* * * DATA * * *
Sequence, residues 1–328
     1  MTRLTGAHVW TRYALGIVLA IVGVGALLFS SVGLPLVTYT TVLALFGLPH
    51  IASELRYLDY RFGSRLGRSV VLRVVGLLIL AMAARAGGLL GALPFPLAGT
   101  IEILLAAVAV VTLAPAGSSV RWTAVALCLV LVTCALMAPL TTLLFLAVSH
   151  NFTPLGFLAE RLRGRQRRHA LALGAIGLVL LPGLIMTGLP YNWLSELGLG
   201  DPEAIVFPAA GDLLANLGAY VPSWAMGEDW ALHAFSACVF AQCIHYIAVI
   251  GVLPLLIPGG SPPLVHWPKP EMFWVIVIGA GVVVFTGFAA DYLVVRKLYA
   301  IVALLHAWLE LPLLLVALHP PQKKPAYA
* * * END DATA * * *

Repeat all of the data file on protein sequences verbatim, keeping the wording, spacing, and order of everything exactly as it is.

Sequence, residues 1–328
     1  MTRLTGAHVW TRYALGIVLA IVGVGALLFS SVGLPLVTYT TVLALFGLPH
    51  IASELRYLDY RFGSRLGRSV VLRVVGLLIL AMAARAGGLL GALPFPLAGT
   101  IEILLAAVAV VTLAPAGSSV RWTAVALCLV LVTCALMAPL TTLLFLAVSH
   151  NFTPLGFLAE RLRGRQRRHA LALGAIGLVL LPGLIMTGLP YNWLSELGLG
   201  DPEAIVFPAA GDLLANLGAY VPSWAMGEDW ALHAFSACVF AQCIHYIAVI
   251  GVLPLLIPGG SPPLVHWPKP EMFWVIVIGA GVVVFTGFAA DYLVVRKLYA
   301  IVALLHAWLE LPLLLVALHP PQKKPAYA